Jadin Wong – pioneering Asian performer – dies
Jadin Wong was so devoted to entertainment that, in the throes of World War II, she jumped out of an airplane about to go down and into German territory, snuck across the Black Forest and made her evening appointment to perform with Bob Hope for U.S. troops, her family said.
Ms. Wong, who died March 30 at age 96, will be honored May 24 at the Museum of Chinese in America in New York, where she spent much of her life after launching her career in San Francisco.
“She was a real firecracker. She took that stereotype of the demure Asian female and turned it on its head,” said Cynthia Lee, director of exhibitions at the Museum of Chinese in America. “She really felt she had a mission that went much beyond just a career for herself.”
Ms. Wong was born in Marysville (Yuba County) in 1913 and moved to Stockton as a child. Her father worked for the railroads while her mother raised the family’s six children.
As early as age 5, Ms. Wong knew she wanted to be a performer, her brother Wally Wong of New York said. Ms. Wong would go to the local park and sing and dance for nickels, which she saved to pay for dance and voice lessons.
“Jadin was really a born dancer, a born performer,” he said. “She was always totally devoted to the art form.”
Her parents, however, were not so enamored of her career choice, which they said was unbecoming for a young woman, Wong said. They forbade her from going into show business, and Ms. Wong ran away from home at 17 to pursue a performing career.
“At that time, there were almost no performing jobs for Asian Americans, so she had to make a stand in her own family as well as in Hollywood,” Lee said.
She was caught by a truant officer after a few months and brought home, at which point she ran away again. This time she headed for Hollywood, with $45 secretly given to her by her mother, Wong said. Unable to find work, Ms. Wong slept on park benches and tap danced for spare change.
A producer for 20th Century Fox spotted her and she was cast in her first film, “Mr. Moto Takes a Vacation,” Wong said. She went on to appear in dozens of movies, including “Year of the Dragon” in 1985 and, most recently, at age 92, “The Pink Panther.”
She was also a star on the nightclub circuit, performing at San Francisco’s legendary Forbidden City on Sutter Street, among other gigs on what was known at the time as the “Chop Suey Circuit.”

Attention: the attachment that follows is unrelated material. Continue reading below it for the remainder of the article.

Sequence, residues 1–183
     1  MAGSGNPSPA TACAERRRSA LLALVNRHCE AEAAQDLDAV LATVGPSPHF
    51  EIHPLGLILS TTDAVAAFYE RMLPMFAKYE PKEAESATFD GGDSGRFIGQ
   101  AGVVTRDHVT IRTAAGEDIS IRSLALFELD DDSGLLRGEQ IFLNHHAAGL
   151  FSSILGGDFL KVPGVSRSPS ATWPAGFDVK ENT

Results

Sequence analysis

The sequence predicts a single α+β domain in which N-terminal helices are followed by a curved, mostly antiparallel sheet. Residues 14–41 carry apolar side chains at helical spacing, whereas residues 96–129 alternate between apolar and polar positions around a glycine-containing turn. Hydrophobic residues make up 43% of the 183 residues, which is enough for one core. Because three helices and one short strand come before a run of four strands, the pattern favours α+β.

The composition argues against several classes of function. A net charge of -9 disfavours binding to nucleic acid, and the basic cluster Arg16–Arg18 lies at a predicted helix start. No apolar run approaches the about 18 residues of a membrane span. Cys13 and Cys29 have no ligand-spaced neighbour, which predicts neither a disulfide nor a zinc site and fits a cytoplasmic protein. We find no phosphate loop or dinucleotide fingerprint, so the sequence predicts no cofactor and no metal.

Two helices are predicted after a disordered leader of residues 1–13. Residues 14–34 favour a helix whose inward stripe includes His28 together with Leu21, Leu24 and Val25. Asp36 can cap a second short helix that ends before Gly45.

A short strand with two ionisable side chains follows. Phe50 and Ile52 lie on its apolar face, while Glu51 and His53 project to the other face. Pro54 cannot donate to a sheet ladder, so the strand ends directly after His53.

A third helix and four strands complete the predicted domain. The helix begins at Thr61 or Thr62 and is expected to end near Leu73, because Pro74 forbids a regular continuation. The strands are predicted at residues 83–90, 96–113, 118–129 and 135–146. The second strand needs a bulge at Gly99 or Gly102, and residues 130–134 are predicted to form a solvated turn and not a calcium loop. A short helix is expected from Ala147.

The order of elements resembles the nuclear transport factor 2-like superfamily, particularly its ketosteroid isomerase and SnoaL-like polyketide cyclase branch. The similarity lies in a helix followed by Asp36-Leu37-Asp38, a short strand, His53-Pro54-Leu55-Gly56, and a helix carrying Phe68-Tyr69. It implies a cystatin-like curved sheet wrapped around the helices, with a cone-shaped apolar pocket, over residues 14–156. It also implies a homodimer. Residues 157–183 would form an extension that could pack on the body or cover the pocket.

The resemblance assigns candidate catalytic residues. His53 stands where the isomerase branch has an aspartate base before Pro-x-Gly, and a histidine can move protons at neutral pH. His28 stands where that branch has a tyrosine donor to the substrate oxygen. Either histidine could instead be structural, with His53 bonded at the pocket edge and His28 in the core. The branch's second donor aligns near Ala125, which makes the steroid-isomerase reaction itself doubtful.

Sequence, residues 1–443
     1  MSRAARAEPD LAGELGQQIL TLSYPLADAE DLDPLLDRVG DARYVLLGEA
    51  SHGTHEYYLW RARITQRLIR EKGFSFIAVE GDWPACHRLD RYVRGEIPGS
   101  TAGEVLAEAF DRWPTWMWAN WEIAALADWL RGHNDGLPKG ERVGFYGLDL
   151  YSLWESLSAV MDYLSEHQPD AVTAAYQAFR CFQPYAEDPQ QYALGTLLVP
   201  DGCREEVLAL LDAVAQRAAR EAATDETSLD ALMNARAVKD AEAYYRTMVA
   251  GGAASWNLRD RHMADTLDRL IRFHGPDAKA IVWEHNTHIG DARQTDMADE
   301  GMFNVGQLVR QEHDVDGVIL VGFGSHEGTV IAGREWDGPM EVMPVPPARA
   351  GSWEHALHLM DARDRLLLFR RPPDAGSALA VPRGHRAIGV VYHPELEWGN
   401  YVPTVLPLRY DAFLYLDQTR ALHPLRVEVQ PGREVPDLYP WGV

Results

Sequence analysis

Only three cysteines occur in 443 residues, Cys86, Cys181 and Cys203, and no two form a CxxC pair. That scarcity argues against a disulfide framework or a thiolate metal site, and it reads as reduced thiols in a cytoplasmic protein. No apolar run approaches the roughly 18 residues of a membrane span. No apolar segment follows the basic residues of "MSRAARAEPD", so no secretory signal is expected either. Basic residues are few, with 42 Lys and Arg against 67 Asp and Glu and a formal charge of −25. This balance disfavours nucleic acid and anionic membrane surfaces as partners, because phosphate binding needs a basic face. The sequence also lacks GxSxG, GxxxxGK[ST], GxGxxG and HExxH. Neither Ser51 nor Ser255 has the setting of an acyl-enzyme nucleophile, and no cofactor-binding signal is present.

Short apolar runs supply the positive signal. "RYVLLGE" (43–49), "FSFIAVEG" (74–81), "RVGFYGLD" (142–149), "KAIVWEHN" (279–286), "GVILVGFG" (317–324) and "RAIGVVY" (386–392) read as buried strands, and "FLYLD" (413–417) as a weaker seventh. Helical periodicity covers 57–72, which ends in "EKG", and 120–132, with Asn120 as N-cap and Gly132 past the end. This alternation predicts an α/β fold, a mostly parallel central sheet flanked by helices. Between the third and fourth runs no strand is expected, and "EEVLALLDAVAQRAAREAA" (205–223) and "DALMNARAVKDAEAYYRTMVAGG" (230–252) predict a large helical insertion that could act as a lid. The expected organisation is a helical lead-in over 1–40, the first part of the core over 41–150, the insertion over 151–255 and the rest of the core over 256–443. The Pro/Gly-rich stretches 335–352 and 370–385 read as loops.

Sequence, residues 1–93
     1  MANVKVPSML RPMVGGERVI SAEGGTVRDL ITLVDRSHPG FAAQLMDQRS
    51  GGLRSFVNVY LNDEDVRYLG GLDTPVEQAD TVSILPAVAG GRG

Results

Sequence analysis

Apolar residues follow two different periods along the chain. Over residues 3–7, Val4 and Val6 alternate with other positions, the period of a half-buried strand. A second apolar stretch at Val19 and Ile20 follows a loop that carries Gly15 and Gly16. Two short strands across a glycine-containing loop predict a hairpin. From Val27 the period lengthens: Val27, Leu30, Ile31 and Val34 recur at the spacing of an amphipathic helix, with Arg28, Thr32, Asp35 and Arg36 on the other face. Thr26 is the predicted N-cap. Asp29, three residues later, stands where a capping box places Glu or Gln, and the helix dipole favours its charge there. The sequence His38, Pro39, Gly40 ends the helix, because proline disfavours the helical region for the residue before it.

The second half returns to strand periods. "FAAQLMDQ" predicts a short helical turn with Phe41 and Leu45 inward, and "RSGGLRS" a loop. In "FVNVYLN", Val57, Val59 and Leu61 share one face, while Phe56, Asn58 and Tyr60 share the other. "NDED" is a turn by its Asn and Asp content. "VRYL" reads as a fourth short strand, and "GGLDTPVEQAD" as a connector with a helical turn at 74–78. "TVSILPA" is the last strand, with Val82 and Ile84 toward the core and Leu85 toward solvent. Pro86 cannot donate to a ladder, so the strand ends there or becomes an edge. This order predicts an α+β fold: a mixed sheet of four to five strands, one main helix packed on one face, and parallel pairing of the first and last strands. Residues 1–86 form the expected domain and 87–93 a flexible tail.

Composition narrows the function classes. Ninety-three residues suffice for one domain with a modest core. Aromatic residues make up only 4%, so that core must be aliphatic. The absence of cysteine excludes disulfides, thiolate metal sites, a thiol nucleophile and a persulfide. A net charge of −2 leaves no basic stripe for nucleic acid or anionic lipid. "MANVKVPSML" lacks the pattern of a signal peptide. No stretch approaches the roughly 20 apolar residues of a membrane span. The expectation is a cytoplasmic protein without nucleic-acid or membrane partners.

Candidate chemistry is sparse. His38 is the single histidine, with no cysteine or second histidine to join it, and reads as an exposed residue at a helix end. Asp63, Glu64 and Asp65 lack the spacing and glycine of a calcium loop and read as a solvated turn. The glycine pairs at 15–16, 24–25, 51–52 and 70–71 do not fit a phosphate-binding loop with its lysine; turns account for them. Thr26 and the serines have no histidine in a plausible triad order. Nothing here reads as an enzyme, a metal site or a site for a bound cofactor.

When live theater began to falter with the advent of television, Ms. Wong opened a talent agency, specializing in finding jobs for Asian American performers in movies, TV and Broadway. She worked until she became paralyzed by a stroke four years ago, Wong said.
“She always told people, if you have talent … and you’re willing to train and work hard, you can perform any role you want,” her brother said.
Undeterred by the often racist nature of early roles for Asian Americans, Ms. Wong believed that any role for Asian Americans brought diversity to mainstream entertainment and would eventually lead to better roles, Lee and Wong said.
In San Francisco, Ms. Wong was remembered for her independent spirit and for opening doors for other Asian Americans entertainers.
“Jadin Wong … defied tradition and broke racial and gender stereotypes to pursue an unconventional path,” said Sue Lee, director of the Chinese Historical Society of America in San Francisco. “We owe much to her brazen nature for carving a path in show business for Asian Americans today.”
Ms. Wong outlived two husbands. She is survived by her brother and several nieces and nephews.
E-mail Carolyn Jones at email@example.com.
The NYone had interviewed Ms Wong in 2005.
Here are some excerpts from that article:
One On 1: Talent Manager/Singer/Dancer Jadin Wong
By: NY1 News
“Age is a number, and I have an unlisted one,” says Jadin Wong.
The self proclaimed “old broad” is 90. Not that you’d believe it from her energy level, her ability to dance, and a sense of humor honed through some 70 years in show business.
Jadin Wong has been called New York’s foremost talent manager of Asian-American actors, singers and dancers over the last 30 years, providing opportunity and encouragement for performers from 8 to 80. One of her clients, B.D. Wong, is currently starring on Broadway in “Pacific Overtures.”
She’s lost none of the feistiness that first got her into show business in the 30’s, going against the perception of Asian women at the time.
“I’m unusual for an Asian girl. They’re very subservient. I’m very nice to people, but I’m not your average Chinese girl,” she says. “I kick tush.”
Wong had been a performer, a dancer, all her life.
But has Wong seen any improvement for the Asian-American performer in her 30 years as an agent?
“It’s getting better for the Asian, but this is still America,” she says. “It’s like a Caucasian actor in Hong Kong saying, ‘Why don’t they make more pictures for Caucasians?’ Because you’re in Hong Kong, that’s why.”
Here is a link to NY1 News for the rest of the article.